Tomorrow will resume more anti-rejection infusion through the normal I.V. in his arm, and the second round of plasmapheresis will take place at some point along the way. It’s not going to be an easy few days, as the process requires a lot of lying in bed not doing anything and being uncomfortable and scared. But we have to hold onto the blessings that we learned on Friday last. The coronary arteries looked great! Coronary Artery Disease of the Transplanted Heart is irreversible. What we’re fighting now is not.

Garrett got a visit from his "cousins" Lorin and Maggie today. We love them so much. The nurses Garrett had today were also outstanding and truly helped his mind set. When he got back from the surgical procedure, his room had been done up in pictures of bull riders and biblical expressions. On the outside of his door were two printed sheets. One displayed a photo of a PBR buckle that had the inscription “Cowboy Up”. The other simply said “Cowboy Up or don’t come in”. That pretty much says it all. Enter with a positive attitude or don’t drop by. We cannot afford to allow the poison of doubt enter the room.

Tomorrow’s a new day with new adventures and opportunities for victory. Garrett and I talked about this for a while tonight. It may not seem all that obvious right now, but God still has control with His awesome mercy and love. Somehow the birds will wake up singing outside and we might as well join them.

Psalm 3:5 - I laid me down and slept; I awaked; for the LORD sustained me.


Sunday, May 23, 2010

May 24, 2010 - Game On!

We have settled in for night two in the Tactical Operations Center, tour two, midnight shift. Area of operations: Cardiac Unit, The Children’s Hospital.

Our little gladiator had a relatively good day. He was able to eat a little breakfast, more for dinner and several tacos for supper. Everything stayed down, and that was a blessing. A few visits from friends and family today helped keep his mind from too much focus on the situation, and this too was a blessing. We took a little walk outside but he petered out pretty quick. But it was a beautiful day and the sunshine and fresh air was great for the soul.

One of Garrett’s surrogate sets of grandparents showed up this morning with good coffee, bagels and fruit. It was one of the best breakfast’s I’ve ever had. After Kathy graciously took the first watch last night I got some sleep for the first time in a couple of days. Sometimes it’s easy to forget how a few hours of uninterrupted sleep can help recharge the batteries. I’ve got it tonight and she and Jessi are across the hall in a family sleep room.

A very special gift today came in the form of our blessed Greenwood family. They really cheered Garrett up. During the week of the second anniversary of Nicholas going to be with Jesus, they put their own pain aside and reached out to us. We’re more grateful than I can express. I'm quite sure one of the reasons God chose Nick, is because He knows the incredible love this family has for others. They arrived this afternoon bearing a bouquet of flowers with a butterfly. The butterfly has a very significant role in this story and I will explain that sometime down the road, but suffice to say we are surrounded by angels tonight.

We also got a visit from one of Garrett’s very best friends in the world. He brought the tacos, which is Garrett’s favorite food. Best buddies always know that kind of stuff. Just the ability to laugh and joke around with friends probably did more for him in a short time than all of the medicine did all day.

We also learned today of another little 8 year old boy who just got his second heart, almost identically to Garrett’s situation a few years ago. The family is petrified and we have given our blessing for the family to visit with us. We can’t feel their pain, but we can sure come close. If we can do anything to help them understand the road, we will. Please keep them in your prayers.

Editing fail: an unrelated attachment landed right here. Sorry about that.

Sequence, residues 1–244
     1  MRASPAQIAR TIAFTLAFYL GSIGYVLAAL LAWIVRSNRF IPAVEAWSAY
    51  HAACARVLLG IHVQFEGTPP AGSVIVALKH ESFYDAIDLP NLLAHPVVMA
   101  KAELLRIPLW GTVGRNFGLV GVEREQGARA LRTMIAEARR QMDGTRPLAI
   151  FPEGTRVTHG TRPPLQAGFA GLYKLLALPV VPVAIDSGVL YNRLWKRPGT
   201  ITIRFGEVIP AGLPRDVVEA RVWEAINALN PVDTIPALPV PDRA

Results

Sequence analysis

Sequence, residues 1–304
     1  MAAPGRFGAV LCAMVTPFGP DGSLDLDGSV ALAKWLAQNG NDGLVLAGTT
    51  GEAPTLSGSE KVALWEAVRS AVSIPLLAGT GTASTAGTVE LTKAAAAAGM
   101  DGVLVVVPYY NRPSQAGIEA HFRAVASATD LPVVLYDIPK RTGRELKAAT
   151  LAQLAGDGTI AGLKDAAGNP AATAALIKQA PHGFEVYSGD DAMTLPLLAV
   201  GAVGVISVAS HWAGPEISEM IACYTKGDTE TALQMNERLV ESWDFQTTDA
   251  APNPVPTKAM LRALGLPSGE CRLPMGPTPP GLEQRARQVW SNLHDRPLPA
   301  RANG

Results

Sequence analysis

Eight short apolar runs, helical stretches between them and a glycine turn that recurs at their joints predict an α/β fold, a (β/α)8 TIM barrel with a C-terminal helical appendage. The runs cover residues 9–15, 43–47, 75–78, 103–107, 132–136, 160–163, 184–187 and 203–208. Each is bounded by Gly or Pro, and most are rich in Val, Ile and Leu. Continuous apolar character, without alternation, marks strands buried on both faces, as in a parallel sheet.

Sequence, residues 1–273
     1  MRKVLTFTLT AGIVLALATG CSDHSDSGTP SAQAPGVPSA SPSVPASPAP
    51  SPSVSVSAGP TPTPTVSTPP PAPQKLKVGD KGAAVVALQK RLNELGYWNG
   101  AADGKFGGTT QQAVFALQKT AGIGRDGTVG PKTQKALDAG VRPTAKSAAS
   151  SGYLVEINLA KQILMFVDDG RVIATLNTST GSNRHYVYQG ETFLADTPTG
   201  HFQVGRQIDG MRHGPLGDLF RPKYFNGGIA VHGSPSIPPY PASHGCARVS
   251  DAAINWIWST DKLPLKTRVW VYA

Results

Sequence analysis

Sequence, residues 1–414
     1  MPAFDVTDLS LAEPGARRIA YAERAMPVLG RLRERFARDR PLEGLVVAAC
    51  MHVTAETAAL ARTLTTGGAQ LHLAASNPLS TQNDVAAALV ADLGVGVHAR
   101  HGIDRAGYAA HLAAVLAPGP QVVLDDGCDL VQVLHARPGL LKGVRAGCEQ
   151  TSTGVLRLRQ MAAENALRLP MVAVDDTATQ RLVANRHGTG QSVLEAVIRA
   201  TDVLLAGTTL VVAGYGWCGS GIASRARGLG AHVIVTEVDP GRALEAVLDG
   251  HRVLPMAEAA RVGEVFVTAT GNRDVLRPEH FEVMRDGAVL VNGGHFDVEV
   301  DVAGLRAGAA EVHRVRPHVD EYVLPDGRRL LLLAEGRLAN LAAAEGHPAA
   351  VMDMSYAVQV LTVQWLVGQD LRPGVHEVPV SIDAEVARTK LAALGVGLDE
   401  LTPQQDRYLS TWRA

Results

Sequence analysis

The transplant team explained a little further today what is most likely happening right now. The rejection he’s fighting is still the same one that brought us here in early April. The first round of infusion definitely knocked it down, but not out. It slowly festered undetected until the biopsy. That procedure was enough stress on Garrett’s body for it to show its ugly face in earnest again. The operational plan is not completely set, but we have a pretty good idea of the mission.

Most likely Garrett will undergo yet another surgical procedure in the morning to put a large straight-line tube in his neck that will facilitate at least two separate chemo-type infusions and possibly actual chemo. It will also be used for the plasmaferesis. They also related that it may even take a third try to make this happen, and he will most likely have to have another biopsy in a couple of months.

Garrett is plenty scared right now and said to me tonight, “I don’t even remember what my home looks like. I just want to go home.” “Daddy, why do I have to get sick in order to get better?” “Do you think Jesus is trying to send a message?” Without a doubt Jesus is sending a message. He knows what is best and is obviously using Garrett for His glory. I assured him that Jesus is not mad at him, and he has done nothing to deserve any of this. He is actually very special because God entrusts him with such a powerful mission.

He’s resting now. He was feeling a little poorly tonight, so I’m glad he seems to be sleeping quietly. As I sit here watching him doze, I thought of Ret. Army Lt.Gen. Hal Moore’s number one leadership principle – “Three strikes and you are not out. There is always one more thing you can do.” That is where we are right now. There will always be one more thing, and after that, one more. We love and ache for him so very much it's as if a sword is being thrust through us as well. Watching your child, day after day hurting and scared tears at the very fibre of your being. The temptation to mope and brood is so strong, but we will not weaken, nor will we display anything but a positive attitude. Anything less is inviting failure and complete victory is not optional. There is no kidding around about this one. We are in a battle and it’s game-on.

Tomorrow is a new day. It will try to have us be full of trepidation, but we will arm ourselves with the power of God and the warrior spirit of one bullhide tough little cowboy. He may have scored 99pts on Bodacious the other day, but now he's pulling his rope on Mossy Oak Mudslinger. We will continue to Cowboy Up. He does.

End your day on your knees, and I promise you’ll land on your feet in the morning.
God bless you.